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If the Vulcans are the aliens most closely associated with Star Trek, then the Klingons are, at the very least, a close second. They’re also the race that has undergone the most visible transformation since their first appearance in 1967’s Errand of Mercy.

Originally, Klingons were presented as direct adversaries to humanity – recognisable from their swarthy complexion and scheming nature, they appeared to have a similar culture to our own and were intended, as with many Star Trek concepts, to reflect the concerns of the time – in this case, allegorising the cold war tensions between the US and Russia.

It wasn’t until the first Star Trek movie that the race assumed the iconic visage recognisable as Klingons today. Previously, they had been dark- or olive-skinned and often bearded, but otherwise human-like in appearance. In Star Trek: The Motion Picture, they gained the ridged foreheads, spiked teeth and long hair that people now associate with the characters. Similarly, the Klingon obsession with honour and glory wasn’t added until even later, when the TNG writers came up with it as part of their drive to flesh out Star Trek’s alien races.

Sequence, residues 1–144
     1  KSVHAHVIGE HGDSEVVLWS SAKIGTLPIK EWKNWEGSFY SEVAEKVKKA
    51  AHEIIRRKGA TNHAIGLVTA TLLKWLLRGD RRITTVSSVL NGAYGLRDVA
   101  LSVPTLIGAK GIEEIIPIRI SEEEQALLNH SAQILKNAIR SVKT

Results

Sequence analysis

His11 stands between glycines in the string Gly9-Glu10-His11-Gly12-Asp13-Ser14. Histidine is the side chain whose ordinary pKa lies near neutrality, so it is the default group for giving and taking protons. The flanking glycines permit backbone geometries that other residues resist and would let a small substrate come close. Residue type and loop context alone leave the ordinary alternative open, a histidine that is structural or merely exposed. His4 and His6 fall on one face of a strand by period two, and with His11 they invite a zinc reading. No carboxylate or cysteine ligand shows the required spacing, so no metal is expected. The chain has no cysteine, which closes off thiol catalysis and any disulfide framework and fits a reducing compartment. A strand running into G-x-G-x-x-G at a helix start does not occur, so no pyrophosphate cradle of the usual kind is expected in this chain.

Even more astonishingly, the Klingon language, currently the most popularly spoken fictional language in the world, didn’t itself exist until the movies, when James “Scotty” Doohan devised its initial phrases. Considering that it’s now a universal touchstone with which to mock any fandom that’s gone too far, it’s surprising to think that it wasn’t conceived of until 10 years after Star Trek ended!

Indeed, so important are the Klingons to Star Trek that future series would actually attempt to acknowledge the vast differences in the Klingons of The Original Series and those of the movies onwards.

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Deep Space Nine opened the door a crack when a time-travelling crew expressed surprise at encountering the human-like Klingons of The Original Series, only to be told by Worf that “[Klingons] do not discuss it with outsiders” but it wasn’t until much-derided prequel series, Enterprise, that anyone went as far as to explain it as a genetic condition caused by Klingon attempts to copy the augmented humans (such as Kahn Noonien Singh) of the Eugenics Wars.

The experiments resulted in a plague that spread, removing Klingon traits from the populace for up to several generations, although by the time of The Motion Picture this had, evidently, become a reversible condition.